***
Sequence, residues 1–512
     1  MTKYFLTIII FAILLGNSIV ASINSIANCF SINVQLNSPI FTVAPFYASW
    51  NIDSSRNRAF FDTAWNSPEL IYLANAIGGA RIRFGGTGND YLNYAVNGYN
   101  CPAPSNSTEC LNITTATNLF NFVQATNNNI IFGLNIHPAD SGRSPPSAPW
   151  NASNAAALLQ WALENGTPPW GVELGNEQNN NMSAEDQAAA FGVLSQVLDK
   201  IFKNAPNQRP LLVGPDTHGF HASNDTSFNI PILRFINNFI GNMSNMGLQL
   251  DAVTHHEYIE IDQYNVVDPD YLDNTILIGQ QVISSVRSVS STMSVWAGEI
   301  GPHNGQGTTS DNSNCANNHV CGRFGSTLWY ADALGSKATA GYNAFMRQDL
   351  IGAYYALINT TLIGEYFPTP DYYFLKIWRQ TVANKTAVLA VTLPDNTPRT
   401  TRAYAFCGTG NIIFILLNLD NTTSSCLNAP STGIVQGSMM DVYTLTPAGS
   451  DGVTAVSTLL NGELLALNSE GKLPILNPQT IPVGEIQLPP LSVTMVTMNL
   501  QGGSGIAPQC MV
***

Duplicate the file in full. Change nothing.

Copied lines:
Sequence, residues 1–512
     1  MTKYFLTIII FAILLGNSIV ASINSIANCF SINVQLNSPI FTVAPFYASW
    51  NIDSSRNRAF FDTAWNSPEL IYLANAIGGA RIRFGGTGND YLNYAVNGYN
   101  CPAPSNSTEC LNITTATNLF NFVQATNNNI IFGLNIHPAD SGRSPPSAPW
   151  NASNAAALLQ WALENGTPPW GVELGNEQNN NMSAEDQAAA FGVLSQVLDK
   201  IFKNAPNQRP LLVGPDTHGF HASNDTSFNI PILRFINNFI GNMSNMGLQL
   251  DAVTHHEYIE IDQYNVVDPD YLDNTILIGQ QVISSVRSVS STMSVWAGEI
   301  GPHNGQGTTS DNSNCANNHV CGRFGSTLWY ADALGSKATA GYNAFMRQDL
   351  IGAYYALINT TLIGEYFPTP DYYFLKIWRQ TVANKTAVLA VTLPDNTPRT
   401  TRAYAFCGTG NIIFILLNLD NTTSSCLNAP STGIVQGSMM DVYTLTPAGS
   451  DGVTAVSTLL NGELLALNSE GKLPILNPQT IPVGEIQLPP LSVTMVTMNL
   501  QGGSGIAPQC MV